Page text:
Imagens das páginas

SOME of the incidents in this play may be supposed to have been taken from The Arcadia, book 1. chap. 6, where Pyrocles consents to head the Helots. The love-adventure of Julia resembles that of Viola, in Twelfth Night, and is indeed common to many of the ancient novels.

STFEVENS. It is observable (I know not for what cause) that the style of this comedy is less figurative, and more natural and unafiected, than the greater part of this author's, though supposed to be one of the first he wrote.

Pore. In this play there is a strange mixture of knowledge and ignorance, of care and negligence. The versification is often excellent, the allusions are learned and just ; but the author conveys his heroes by sea from one inland town to another in the same country; he places the emperor at Milan, and sends his young men to attend him, but never mentions him more ; he makes Proteus, after an interview with Silvia, say he has only seen her picture ; and, if we may credit the old copies, he has, by mistaking places, left his scenery inextricable. The reason of all this confusion seems to be, that he took his story from a novel, which he sometimes followed, and sometimes forsook, sometimes remembered, and sometimes forgot.

That this play is rightly attributed to Shakspeare, I have little doubt. If it be taken from him, to whom shall it be given ? This question may be asked of all the disputed plays, except Titus Andronicus ; and it will be found more credible, that Shakspeare might sometimes sink below his highest flights, than that any other should rise up to his lowest. JOHNSON

Johnson's general remarks on this play are just, except that part in which he arraigns the conduct of the poet, for making Proteus say, that he had only seen the picture of Silvia, when it appears that he had had a personal interview with her. This, however, is not a blunder of Shakspeare's, but a mistake of Johnson's, who considers the passage alluded to in a more lite. ral sense than the author intended it. Sir Proteus, it is true, had seen Silvia for a few moments; but though he could form from thence some idea of her person, he was stillunacquainted with her temper, manners, and the qualities of her mind. He therefore considers himself as having seen her picture only.-The thought is just, and elegantly expressed.—So, in The Scornful Lady, the elder Loveless says to her :

« I was mad once when I loved pictures ;
“ For what are shape and colours else, but pictures 29


[blocks in formation]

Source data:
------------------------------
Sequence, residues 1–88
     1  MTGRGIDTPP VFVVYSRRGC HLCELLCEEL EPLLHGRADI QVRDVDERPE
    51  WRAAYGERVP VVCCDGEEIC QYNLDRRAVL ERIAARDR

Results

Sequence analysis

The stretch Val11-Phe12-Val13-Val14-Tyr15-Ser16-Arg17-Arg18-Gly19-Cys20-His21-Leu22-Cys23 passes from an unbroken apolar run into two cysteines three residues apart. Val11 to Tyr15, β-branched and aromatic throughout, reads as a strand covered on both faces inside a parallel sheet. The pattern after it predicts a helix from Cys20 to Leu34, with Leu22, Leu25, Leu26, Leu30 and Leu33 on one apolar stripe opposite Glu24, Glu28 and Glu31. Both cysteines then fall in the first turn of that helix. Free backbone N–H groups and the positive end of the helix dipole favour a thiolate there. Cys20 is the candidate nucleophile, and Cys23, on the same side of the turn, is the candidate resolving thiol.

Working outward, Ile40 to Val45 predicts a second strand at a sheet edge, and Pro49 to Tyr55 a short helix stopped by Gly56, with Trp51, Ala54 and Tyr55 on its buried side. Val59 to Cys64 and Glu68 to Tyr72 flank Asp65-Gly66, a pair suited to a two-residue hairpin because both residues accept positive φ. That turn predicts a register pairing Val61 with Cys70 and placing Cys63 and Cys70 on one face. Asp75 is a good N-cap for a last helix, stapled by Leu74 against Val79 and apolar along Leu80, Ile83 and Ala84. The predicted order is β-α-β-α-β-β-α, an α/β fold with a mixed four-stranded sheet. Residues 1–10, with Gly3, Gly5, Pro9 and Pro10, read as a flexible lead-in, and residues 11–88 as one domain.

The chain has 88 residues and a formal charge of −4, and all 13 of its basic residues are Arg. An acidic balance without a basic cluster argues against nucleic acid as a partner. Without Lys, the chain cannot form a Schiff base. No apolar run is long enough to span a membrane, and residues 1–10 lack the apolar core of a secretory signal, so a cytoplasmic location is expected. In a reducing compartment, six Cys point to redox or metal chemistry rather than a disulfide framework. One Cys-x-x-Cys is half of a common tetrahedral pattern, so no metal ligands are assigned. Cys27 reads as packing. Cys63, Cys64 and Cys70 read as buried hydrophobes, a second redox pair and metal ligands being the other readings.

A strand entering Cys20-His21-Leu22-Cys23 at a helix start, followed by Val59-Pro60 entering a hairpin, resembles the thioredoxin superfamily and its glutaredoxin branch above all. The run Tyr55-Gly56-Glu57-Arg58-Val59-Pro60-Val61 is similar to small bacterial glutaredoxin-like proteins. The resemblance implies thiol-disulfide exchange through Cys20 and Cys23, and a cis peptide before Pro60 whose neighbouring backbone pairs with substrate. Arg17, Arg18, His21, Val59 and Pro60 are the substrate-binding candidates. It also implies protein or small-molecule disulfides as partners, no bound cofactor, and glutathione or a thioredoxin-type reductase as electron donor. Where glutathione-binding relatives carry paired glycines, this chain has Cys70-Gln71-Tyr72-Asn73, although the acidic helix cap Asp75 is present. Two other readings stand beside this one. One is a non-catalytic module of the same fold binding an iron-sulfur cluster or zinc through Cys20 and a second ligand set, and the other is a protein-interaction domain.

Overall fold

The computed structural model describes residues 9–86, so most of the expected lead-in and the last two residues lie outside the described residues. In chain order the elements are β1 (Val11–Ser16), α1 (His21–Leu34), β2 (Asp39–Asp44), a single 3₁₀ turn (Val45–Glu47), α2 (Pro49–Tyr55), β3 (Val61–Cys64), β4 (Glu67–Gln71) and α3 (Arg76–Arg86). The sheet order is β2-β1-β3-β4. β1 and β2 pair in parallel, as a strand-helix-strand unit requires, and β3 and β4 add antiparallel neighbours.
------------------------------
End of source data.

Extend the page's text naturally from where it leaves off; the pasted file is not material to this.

DUKE OF MILAN, father to Silvia.
VALENTINE, } gentlemen of Verona.
ANTONIO, father to Proteus.
THURIO, a foolish rival to Valentine.
EGLAMOUR, agent for Silvia in hér eseape.
SPEED, a clownish servant to Valentine.
LAUNCE, servant to Proteus.
PANTHINO, servant to Antonio.
Host, where Julia lodges in Milan.

Proteus. SILVIA, the Duke's daughter, beloved by Valentine. LUCETTA, waiting-woman to Julia.

Servants, Musicians.

SCENE, sometimes in Verona ; sometimes in Milan ;

and on the frontiers of Mantua.

* The old copy has-Protheus ; but this is merely the antiquated mode of spelling Proteus. Shakspeare's character was so called, from his disposition to change.



SCENE I.- An open Place in Verona.


Enter VAL

[ocr errors]


EASE to persuade, my loving Proteus ;
Home-keeping youth have ever homely wits :
Wer't not, affection chains thy tender days
To the sweet glances of thy honour'd love,
I rather would entreat thy company,
To see the wonders of the world abroad,
Than living dully sluggardiz'd at home,
Wear out thy youth with shapeless idleness.
But, since thou lov'st, love still, and thrive therein,
Even as I would, when I to love begin.

Pro. Wilt thou be gone ? Sweet Valentine, adieu !
Think on thy Proteus, when thou, haply, seest
Some rare note-worthy object in thy travel :
Wish me partaker in thy happiness,
When thou dost meet good hap; and, in thy danger,
If ever danger do environ thee,
Commend thy grievance to my holy prayers,
For I will be thy bead's-man, Valentine.
Val. And on a love-book



my success. Pro. Upon some book I love, I'll pray for thee.

Val. That's on some shallow story of deep love, How young Leander cross'd the Hellespont.

Pro. That's a deep story of a deeper love, For he was more than over shoes in love.

Val. 'Tis true ; for you are over boots in love ; And yet you never swom the Hellespont.

Pro. Over the boots ? nay, give me not the boots. 1